Archaeologists have unearthed a Roman phallus wind chime known as a tintinnabulum, during excavations at the ancient city of Viminacium in the Kostolac region of eastern Serbia.
Viminacium Archaeological Park is situated about 100km (70 miles) east of Belgrade and was once one of the wealthy Illyrian cities of antiquity.
Viminacium was the capital of the Roman province of Moesia and an important military camp, founded around the 1st century. The city thrived throughout the centuries, eventually gaining the status of a colony during the reign of Emperor Gordian III. It’s estimated that the city was home to 45,000 inhabitants. Two Roman legions were stationed here, Legion VII and Legion IV.
The first excavations took place at the site in 1882. At Viminacium, the remains of over 14,000 tombs were discovered, complete with antique frescoes inside. Along with pottery shards and coins, ruins of an amphitheater, buildings, a Roman thermae, an aqueduct, a mausoleum, and parts of a sewer system were discovered. They all provide a vision of what life was like this once vibrant Roman city.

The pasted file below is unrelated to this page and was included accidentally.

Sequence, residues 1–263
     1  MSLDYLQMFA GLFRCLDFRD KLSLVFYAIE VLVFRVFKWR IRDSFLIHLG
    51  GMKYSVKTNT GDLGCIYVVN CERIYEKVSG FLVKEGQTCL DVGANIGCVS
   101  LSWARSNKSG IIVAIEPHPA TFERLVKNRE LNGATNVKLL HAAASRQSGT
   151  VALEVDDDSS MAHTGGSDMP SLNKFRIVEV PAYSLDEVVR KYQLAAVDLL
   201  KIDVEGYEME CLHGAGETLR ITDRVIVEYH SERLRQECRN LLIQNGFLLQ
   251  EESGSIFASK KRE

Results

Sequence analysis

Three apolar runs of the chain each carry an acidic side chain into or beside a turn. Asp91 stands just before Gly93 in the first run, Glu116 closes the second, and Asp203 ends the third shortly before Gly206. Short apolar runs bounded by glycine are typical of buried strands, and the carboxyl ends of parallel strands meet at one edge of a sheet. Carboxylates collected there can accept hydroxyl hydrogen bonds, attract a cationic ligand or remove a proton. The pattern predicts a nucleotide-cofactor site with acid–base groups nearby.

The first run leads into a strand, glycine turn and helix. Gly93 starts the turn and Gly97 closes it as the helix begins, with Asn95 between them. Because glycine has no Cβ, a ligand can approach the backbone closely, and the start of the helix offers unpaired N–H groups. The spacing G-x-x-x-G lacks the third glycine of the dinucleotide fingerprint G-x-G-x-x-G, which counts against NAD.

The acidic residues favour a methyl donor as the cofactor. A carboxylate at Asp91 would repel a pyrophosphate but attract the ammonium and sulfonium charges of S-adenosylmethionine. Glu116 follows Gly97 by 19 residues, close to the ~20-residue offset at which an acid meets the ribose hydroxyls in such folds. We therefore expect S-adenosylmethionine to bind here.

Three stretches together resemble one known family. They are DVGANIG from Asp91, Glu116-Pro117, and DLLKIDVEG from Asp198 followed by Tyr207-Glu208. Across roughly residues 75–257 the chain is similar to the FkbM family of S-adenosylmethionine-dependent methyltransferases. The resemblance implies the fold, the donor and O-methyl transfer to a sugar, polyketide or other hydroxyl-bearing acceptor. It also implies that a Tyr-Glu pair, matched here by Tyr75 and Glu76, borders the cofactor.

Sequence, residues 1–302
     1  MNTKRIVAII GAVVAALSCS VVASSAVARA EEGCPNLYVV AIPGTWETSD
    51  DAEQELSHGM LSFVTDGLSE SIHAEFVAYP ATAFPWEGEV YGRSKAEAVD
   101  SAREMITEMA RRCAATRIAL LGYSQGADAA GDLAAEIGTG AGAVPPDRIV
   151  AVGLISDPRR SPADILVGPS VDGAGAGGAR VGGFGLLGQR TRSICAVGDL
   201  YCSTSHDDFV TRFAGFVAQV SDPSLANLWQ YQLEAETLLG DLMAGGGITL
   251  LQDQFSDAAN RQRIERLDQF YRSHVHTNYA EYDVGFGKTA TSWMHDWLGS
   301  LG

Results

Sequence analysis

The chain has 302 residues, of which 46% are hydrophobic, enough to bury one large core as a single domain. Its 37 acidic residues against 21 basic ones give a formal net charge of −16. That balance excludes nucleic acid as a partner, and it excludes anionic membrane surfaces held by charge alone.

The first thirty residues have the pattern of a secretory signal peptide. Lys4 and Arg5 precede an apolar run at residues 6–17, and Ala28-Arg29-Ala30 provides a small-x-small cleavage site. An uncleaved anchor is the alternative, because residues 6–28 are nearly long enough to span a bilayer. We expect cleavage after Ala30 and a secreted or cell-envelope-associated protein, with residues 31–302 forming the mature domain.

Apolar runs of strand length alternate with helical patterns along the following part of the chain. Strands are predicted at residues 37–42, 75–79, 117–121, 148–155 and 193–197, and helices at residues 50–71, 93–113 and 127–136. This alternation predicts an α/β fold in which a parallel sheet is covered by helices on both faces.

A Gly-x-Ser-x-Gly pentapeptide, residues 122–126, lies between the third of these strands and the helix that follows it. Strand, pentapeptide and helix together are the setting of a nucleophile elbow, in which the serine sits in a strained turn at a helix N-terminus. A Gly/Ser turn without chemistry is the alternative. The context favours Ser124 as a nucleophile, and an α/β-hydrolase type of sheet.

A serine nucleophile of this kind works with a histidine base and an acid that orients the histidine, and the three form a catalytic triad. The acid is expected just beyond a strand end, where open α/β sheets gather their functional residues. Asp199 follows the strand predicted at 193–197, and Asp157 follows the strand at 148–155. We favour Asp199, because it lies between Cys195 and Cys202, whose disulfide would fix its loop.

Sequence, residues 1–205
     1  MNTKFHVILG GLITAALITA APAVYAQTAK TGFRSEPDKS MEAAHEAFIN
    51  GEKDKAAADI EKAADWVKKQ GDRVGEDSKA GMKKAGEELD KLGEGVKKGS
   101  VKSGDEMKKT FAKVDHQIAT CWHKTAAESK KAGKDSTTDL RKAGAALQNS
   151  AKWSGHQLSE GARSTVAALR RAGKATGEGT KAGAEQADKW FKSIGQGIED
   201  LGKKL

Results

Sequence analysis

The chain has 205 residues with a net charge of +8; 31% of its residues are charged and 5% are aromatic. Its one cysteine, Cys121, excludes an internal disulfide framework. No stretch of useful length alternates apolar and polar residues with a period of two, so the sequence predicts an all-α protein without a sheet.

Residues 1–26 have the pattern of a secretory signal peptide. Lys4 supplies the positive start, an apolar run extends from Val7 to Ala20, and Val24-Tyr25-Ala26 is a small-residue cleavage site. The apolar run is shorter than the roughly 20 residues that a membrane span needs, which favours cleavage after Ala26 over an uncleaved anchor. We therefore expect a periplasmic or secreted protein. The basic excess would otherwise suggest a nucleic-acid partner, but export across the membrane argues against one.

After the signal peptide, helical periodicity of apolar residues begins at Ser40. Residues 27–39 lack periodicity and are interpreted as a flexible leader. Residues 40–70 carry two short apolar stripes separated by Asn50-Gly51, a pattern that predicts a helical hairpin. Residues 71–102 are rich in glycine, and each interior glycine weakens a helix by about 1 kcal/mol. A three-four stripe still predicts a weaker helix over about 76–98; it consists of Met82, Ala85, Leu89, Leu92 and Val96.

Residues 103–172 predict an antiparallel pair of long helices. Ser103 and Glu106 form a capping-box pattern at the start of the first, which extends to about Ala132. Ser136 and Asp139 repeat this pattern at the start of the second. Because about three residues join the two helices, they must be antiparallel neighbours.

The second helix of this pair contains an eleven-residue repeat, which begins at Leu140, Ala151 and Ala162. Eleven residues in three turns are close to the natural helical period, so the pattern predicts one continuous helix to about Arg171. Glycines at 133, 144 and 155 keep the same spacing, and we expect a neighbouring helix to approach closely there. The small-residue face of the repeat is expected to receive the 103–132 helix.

Tintinnabulum, which was hung near the doorways of houses and shops, was believed to serve as magical protection for the premises. This one was discovered on the porch of a large home on a main street in Viminacium.
“The building was destroyed in a fire, during which the porch collapsed and fell to the ground,” Ilija Danković, an archaeologist at the Institute of Archaeology in Belgrade, told the Serbian-language website Sve o Arheologiji.
The object is cast from bronze and depicts a magical phallus at the center with two legs, wings, and a tail. This central figure was adorned with four bells, noted the archaeologists. However, the original appearance of the Viminacium wind chime will be revealed following its conservation.
The ancient equivalent of modern wind catchers is wind chimes, but their significance and function in the Roman world were far more complex. They are hung in front of the doors of houses or rooms so that when they make a sound in the wind, and also with their unusual appearance, they dispel evil forces and evil eyes.
Phallus-shaped objects are found on a wide range of Roman objects, from amulets to frescoes to mosaics and lamps, and even as far as on Hadrian’s wall at the other extreme of the empire. For the Romans, such objects did not have an erotic character. This part of the human body was considered an effective weapon in the fight against the evil eye, and was also a bringer of good luck.
Cover Photo: The moment of the discovery of the tintinabulum in Viminacium. Photo: Ilija Danković, Archaeological Institute